Numerous international and local financial experts predict the US dollar to depreciate in contrast with the Vietnamese dong next year.
|The gap between the US dollar’s and the euro’s interest rates in the international market is forecasted to narrow in the coming years.|
According to many financial experts, the interest rate of the US dollar has been set incredibly high and raising the figure will be impossible for the US Federal Reserve.
In coming years, the gap between the US dollar’s and the euro’s interest rates in the international market is forecasted to narrow.
Inflation data released this week showed that the annual inflation in the euro zone remained at 2.5% in July, beating the European Central Bank (ECB)'s target of nearly 2.75%, after holding its interest rate steady at 2% since June of 2003.
According to many experts, the ECB will raise its key interest rate by 50 basis points amid solid economic growth and the threat of inflation caused by the rising prices of oil and raw materials.
The Royal Bank of Scotland also predicted the twelve nation euro zone’s rates to increase to 3.25% by the end of this year and stay the same through 2007 as the bank is pushing for higher borrowing costs.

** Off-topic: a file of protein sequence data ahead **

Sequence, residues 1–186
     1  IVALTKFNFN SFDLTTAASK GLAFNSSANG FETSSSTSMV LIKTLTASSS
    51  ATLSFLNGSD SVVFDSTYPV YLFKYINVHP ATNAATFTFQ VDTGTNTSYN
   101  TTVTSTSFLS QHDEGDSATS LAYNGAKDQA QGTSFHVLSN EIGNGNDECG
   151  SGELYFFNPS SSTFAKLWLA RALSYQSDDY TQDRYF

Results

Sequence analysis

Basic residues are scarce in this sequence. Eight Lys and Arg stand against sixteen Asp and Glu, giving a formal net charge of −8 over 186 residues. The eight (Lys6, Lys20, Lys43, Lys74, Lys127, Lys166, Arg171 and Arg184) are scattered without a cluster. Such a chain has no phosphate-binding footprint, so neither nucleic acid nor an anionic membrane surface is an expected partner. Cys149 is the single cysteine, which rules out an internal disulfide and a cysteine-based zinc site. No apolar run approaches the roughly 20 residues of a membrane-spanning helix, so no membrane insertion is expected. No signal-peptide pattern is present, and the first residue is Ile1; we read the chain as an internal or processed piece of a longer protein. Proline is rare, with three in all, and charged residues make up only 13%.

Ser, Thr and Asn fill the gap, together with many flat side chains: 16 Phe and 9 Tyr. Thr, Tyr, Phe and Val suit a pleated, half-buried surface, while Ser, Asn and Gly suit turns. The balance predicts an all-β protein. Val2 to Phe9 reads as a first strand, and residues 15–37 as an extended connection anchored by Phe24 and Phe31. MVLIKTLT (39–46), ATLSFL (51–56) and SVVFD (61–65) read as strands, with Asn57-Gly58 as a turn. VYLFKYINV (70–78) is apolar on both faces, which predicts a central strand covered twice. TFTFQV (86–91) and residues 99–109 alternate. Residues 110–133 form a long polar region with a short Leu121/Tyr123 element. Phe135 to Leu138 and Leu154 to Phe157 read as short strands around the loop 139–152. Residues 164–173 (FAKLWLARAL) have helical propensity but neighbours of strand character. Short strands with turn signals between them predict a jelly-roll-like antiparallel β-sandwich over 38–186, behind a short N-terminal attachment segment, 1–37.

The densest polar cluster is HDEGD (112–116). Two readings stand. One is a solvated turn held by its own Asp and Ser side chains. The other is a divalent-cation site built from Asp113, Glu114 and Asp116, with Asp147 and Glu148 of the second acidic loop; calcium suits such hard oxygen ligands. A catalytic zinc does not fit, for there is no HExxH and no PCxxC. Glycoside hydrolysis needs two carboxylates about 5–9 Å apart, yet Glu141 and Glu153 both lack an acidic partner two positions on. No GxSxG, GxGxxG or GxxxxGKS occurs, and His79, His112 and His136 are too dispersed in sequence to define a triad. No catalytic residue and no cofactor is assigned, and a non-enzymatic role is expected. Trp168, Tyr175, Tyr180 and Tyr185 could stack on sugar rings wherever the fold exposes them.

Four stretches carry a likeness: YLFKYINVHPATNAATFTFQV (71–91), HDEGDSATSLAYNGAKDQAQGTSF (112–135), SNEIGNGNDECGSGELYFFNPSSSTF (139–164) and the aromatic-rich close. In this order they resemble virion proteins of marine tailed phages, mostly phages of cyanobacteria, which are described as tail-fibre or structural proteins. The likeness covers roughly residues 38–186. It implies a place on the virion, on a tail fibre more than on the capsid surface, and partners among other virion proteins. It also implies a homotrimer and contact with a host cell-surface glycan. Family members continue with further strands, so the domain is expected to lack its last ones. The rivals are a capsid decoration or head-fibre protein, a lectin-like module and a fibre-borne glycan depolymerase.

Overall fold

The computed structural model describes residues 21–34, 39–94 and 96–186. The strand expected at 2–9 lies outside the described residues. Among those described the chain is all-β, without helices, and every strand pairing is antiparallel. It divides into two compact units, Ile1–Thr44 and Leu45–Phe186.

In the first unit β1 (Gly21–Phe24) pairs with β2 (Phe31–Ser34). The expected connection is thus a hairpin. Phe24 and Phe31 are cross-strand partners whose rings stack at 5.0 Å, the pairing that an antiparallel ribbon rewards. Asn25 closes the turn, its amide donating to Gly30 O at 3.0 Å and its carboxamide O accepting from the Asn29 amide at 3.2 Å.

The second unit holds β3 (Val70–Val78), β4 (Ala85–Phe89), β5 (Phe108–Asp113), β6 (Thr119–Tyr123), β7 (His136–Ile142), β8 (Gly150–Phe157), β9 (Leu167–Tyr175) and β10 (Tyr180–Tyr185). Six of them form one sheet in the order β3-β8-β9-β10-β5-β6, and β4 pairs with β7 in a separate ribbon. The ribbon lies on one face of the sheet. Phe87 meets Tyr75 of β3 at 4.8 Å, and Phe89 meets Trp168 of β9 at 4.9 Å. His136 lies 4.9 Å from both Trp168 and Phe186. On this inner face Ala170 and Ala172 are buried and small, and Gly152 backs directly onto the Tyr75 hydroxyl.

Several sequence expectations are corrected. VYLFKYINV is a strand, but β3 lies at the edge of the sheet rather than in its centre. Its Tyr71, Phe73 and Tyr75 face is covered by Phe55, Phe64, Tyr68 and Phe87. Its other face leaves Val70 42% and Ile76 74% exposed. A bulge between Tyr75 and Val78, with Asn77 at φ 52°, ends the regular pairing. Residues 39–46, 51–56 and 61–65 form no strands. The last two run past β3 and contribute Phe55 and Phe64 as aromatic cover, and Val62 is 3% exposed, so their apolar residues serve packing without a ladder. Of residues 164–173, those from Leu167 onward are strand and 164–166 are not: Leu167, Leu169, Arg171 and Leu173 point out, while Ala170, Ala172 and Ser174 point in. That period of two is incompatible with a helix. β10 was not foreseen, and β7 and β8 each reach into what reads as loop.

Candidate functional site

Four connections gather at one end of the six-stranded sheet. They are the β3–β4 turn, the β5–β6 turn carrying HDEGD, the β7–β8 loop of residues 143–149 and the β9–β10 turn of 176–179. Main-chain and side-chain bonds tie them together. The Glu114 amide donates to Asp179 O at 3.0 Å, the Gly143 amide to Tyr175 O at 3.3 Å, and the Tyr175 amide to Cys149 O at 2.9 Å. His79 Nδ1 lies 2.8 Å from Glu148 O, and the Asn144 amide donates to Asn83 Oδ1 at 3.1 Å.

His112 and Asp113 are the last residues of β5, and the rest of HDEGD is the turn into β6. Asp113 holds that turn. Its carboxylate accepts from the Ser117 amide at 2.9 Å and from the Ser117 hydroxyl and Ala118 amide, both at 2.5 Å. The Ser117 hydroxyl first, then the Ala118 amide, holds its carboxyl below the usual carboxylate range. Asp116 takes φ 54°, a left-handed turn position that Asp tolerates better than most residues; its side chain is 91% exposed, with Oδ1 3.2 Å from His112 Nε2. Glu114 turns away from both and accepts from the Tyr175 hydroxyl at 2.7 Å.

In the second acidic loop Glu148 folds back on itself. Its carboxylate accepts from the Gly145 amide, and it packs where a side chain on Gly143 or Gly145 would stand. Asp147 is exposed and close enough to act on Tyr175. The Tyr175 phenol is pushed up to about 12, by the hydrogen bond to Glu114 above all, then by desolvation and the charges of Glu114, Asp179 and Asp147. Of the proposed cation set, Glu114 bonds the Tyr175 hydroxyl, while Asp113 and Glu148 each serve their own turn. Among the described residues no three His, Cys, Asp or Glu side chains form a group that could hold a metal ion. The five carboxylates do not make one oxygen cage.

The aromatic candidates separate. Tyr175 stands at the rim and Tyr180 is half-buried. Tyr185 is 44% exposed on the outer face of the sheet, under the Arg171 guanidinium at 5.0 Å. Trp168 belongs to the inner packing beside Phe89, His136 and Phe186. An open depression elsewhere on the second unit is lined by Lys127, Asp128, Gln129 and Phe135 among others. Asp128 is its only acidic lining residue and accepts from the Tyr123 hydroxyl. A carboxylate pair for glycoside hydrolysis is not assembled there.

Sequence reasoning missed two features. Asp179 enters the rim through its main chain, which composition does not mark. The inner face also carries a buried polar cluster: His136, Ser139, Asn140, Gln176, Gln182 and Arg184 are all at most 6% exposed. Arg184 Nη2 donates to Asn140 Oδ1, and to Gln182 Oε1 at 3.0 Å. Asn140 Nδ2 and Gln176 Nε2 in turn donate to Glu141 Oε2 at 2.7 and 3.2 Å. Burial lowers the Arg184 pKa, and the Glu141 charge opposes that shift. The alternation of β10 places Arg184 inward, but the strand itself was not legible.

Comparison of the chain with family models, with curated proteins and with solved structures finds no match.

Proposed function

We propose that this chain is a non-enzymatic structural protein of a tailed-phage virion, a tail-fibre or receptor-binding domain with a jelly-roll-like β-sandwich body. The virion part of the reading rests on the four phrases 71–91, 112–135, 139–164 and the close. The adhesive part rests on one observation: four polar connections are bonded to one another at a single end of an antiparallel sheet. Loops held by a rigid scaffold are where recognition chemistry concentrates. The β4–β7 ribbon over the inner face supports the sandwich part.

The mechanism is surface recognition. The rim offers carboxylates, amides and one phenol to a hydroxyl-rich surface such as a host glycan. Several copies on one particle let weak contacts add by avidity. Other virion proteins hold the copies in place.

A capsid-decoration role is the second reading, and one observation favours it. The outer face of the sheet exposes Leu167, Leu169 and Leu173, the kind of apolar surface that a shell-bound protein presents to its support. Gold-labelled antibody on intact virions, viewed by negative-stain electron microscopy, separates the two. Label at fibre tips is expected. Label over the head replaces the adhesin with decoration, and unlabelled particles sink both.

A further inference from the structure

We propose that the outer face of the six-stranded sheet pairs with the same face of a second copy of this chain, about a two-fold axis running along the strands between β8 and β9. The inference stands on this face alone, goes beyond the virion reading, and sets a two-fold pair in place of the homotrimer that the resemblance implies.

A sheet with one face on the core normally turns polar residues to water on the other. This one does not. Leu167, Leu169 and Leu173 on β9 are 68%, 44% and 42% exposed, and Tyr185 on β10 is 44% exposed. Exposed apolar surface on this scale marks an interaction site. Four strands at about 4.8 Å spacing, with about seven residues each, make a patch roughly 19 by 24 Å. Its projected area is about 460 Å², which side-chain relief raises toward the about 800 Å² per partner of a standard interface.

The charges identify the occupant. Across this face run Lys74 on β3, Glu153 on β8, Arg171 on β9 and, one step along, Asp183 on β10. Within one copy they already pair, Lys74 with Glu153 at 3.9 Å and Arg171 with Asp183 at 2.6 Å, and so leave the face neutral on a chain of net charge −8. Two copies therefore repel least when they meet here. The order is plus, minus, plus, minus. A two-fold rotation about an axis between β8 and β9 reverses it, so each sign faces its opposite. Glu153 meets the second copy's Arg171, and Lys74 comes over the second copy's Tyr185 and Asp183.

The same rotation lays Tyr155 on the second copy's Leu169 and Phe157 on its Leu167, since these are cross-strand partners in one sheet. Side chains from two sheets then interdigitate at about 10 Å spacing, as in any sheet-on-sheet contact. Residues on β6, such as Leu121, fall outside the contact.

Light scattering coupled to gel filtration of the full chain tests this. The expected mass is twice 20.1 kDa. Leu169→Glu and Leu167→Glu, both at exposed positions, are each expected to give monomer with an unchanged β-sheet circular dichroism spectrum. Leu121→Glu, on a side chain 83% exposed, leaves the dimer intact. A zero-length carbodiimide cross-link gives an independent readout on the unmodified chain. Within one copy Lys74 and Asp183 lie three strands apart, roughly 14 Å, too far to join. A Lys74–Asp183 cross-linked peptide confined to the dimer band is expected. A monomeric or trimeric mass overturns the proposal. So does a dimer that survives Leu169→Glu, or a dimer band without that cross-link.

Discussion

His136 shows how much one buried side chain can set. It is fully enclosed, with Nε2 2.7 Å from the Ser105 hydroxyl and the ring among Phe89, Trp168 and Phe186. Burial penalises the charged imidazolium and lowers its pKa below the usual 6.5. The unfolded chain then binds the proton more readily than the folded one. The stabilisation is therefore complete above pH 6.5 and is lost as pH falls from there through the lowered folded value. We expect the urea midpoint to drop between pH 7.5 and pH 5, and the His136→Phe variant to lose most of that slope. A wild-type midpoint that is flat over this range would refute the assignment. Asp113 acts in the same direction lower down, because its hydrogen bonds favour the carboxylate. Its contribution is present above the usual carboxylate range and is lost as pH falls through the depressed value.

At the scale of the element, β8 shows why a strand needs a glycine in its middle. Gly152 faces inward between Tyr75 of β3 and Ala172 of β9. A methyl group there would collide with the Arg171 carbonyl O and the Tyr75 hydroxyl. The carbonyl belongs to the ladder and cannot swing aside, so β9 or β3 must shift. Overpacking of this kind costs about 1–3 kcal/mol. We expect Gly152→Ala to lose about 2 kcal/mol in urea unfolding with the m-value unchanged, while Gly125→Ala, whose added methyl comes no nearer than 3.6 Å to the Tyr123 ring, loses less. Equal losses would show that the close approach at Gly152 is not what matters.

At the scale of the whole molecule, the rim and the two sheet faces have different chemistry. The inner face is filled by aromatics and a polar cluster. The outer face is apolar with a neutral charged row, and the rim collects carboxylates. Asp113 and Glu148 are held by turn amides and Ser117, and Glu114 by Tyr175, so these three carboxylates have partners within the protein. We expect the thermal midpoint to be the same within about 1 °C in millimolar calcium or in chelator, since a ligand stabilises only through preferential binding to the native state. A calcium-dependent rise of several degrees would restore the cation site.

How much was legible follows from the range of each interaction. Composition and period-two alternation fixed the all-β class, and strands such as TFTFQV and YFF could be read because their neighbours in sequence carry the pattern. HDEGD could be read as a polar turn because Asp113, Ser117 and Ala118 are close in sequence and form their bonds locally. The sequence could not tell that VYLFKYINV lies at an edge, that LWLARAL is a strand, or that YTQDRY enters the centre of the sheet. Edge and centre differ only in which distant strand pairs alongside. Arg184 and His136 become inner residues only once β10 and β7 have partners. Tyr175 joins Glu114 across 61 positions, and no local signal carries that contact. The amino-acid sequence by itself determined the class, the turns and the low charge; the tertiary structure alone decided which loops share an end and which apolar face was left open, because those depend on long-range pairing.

Another reason for the depreciation of the greenback is the current trade imbalances of the US market. The US ran an account deficit of over US$715 billion in 2005, accounting for roughly 6.5% of its GDP. The figure is forecasted to grow to 7% in 2006 and up to 10% in the next five years.
Currently, many central banks are more likely to buy the euro than the US dollar in a bid to diversify their current foreign currency reserves. Meanwhile, some Asian central banks have reported that they have already purchased sufficient US dollars and will stop buying the greenback soon.
One US dollar is now sold at VND16,080 on the free market, which is an increase of VND20 per dollar since the mid-September price and which reached its highest value since May, 2006.